INTRODUCTION: Patients with clinically and pathologically similar breast tumors often have very different outcomes and treatment responses. Current prognostic markers allocate the majority of breast cancer patients to the high-risk group, yielding high sensitivities in expense of specificities below 20%, leading to considerable overtreatment, especially in lymph node-negative patients. Seventy percent would be cured by surgery and radiotherapy alone in this group. Thus, precise and early indicators of metastasis are highly desirable to reduce overtreatment. Previous prognostic RNA-profiling studies have only focused on the protein-coding part of the genome, however the human genome contains thousands of long non-coding RNAs (lncRNAs) and this unexplored field possesses large potential for identification of novel prognostic markers.
METHODS: We evaluated lncRNA microarray data from 164 primary breast tumors from adjuvant naïve patients with a mean follow-up of 18 years. Eighty two patients who developed detectable distant metastasis were compared to 82 patients where no metastases were diagnosed. For validation, we determined the prognostic value of the lncRNA profiles by comparing the ability of the profiles to predict metastasis in two additional, previously-published, cohorts.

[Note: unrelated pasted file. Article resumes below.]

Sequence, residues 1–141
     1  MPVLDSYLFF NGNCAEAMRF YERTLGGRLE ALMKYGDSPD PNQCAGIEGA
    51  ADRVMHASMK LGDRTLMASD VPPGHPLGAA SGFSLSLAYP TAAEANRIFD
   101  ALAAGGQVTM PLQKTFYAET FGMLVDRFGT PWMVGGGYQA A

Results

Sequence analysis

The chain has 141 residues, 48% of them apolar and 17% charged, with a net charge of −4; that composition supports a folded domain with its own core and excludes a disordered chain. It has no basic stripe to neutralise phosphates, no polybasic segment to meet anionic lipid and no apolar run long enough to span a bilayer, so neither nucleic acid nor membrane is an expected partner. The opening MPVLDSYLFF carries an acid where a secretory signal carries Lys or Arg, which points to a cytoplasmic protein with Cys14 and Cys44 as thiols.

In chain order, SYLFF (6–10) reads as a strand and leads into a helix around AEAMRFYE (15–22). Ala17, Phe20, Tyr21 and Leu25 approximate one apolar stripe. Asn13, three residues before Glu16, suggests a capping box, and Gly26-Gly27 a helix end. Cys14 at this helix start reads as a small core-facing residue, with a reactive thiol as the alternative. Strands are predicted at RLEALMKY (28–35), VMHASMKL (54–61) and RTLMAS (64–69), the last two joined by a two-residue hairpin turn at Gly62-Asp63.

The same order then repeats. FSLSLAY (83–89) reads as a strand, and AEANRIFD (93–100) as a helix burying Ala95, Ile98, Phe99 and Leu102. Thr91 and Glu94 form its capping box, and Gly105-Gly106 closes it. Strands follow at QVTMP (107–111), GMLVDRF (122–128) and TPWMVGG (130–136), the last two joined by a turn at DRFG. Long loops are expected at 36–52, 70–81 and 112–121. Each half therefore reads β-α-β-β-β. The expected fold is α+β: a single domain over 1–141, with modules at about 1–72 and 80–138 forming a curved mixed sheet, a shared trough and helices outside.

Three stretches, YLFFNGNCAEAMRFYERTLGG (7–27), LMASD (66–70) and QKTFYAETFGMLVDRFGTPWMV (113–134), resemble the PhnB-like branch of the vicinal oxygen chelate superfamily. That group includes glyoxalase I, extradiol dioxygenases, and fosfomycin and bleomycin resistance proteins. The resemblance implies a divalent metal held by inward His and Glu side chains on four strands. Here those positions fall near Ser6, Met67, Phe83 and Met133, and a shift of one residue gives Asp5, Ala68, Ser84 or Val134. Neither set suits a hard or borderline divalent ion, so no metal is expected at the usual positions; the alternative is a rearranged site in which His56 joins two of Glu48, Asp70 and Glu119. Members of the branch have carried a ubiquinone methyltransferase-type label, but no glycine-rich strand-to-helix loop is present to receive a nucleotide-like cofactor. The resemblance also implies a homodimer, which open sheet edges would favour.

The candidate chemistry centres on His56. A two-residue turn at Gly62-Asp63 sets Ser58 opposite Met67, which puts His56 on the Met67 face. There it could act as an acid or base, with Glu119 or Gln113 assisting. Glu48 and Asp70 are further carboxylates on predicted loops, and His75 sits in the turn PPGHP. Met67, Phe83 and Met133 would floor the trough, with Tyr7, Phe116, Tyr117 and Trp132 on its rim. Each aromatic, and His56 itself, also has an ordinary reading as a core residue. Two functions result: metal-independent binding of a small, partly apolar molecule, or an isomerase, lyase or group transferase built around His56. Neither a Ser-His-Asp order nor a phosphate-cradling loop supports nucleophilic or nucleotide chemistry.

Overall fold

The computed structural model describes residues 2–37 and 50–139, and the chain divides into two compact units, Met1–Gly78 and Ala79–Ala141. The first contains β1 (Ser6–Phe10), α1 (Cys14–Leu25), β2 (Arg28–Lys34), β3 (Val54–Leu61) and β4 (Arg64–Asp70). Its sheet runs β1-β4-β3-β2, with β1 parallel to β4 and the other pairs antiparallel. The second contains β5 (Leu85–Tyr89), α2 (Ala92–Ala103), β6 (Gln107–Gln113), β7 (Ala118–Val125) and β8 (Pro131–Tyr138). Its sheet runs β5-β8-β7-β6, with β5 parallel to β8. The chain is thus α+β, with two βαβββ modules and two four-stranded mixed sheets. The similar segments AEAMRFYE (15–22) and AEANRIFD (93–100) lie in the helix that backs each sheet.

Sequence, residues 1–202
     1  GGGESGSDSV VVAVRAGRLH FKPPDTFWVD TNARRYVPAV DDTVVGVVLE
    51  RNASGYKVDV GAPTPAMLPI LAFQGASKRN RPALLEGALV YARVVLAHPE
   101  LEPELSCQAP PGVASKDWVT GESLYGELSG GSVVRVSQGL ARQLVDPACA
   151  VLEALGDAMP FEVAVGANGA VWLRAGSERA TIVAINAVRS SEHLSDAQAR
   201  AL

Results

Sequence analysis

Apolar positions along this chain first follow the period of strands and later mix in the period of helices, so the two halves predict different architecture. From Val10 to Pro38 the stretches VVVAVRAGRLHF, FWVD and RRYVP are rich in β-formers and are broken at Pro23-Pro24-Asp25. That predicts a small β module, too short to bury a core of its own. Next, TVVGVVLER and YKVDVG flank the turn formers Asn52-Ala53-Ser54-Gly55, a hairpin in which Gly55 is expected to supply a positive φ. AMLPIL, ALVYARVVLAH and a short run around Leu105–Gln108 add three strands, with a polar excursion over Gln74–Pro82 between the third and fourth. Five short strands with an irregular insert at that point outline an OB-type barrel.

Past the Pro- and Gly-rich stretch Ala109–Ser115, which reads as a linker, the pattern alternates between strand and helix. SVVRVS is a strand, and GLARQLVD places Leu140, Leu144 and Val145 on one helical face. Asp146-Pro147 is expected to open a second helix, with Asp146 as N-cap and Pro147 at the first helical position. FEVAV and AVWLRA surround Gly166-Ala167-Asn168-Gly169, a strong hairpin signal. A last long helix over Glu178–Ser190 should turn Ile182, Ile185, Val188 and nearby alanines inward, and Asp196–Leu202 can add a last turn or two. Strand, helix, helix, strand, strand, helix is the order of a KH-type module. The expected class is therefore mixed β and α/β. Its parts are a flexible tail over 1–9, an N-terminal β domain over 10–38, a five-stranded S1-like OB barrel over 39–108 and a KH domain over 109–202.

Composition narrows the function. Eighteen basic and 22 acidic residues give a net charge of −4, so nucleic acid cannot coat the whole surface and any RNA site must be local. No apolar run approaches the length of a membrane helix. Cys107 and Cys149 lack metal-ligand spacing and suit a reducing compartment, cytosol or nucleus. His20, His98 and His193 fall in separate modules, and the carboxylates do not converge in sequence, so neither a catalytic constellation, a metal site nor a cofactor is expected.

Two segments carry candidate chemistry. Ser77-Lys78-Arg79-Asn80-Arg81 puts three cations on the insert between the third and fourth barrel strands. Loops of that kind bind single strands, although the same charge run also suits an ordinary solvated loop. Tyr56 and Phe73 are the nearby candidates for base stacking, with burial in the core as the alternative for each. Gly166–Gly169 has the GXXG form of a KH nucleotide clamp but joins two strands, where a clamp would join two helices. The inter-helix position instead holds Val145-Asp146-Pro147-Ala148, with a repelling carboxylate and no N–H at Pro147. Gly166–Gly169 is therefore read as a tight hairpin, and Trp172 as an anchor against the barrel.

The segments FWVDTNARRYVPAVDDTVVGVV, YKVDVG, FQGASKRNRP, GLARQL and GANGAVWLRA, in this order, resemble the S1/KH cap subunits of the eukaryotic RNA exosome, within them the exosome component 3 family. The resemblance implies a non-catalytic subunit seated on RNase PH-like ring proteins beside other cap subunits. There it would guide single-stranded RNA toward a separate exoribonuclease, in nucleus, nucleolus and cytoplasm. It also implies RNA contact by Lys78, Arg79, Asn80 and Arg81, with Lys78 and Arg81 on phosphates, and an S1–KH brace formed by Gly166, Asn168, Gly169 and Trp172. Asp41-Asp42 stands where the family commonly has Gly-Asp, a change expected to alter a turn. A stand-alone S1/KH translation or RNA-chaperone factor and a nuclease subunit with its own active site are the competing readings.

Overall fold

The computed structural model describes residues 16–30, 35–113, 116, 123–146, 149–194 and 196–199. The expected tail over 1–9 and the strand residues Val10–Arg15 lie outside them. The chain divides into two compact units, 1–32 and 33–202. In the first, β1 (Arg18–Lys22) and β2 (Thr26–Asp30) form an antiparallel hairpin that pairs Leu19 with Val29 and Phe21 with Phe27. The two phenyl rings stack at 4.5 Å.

RESULTS: We showed that lncRNA profiles could distinguish metastatic patients from non-metastatic patients with sensitivities above 90% and specificities of 64-65%. Furthermore; classifications were independent of traditional prognostic markers and time to metastasis.
CONCLUSIONS: To our knowledge, this is the first study investigating the prognostic potential of lncRNA profiles. Our study suggest that lncRNA profiles provide additional prognostic information and may contribute to the identification of early breast cancer patients eligible for adjuvant therapy, as well as early breast cancer patients that could avoid unnecessary systemic adjuvant therapy. This study emphasizes the potential role of lncRNAs in breast cancer prognosis.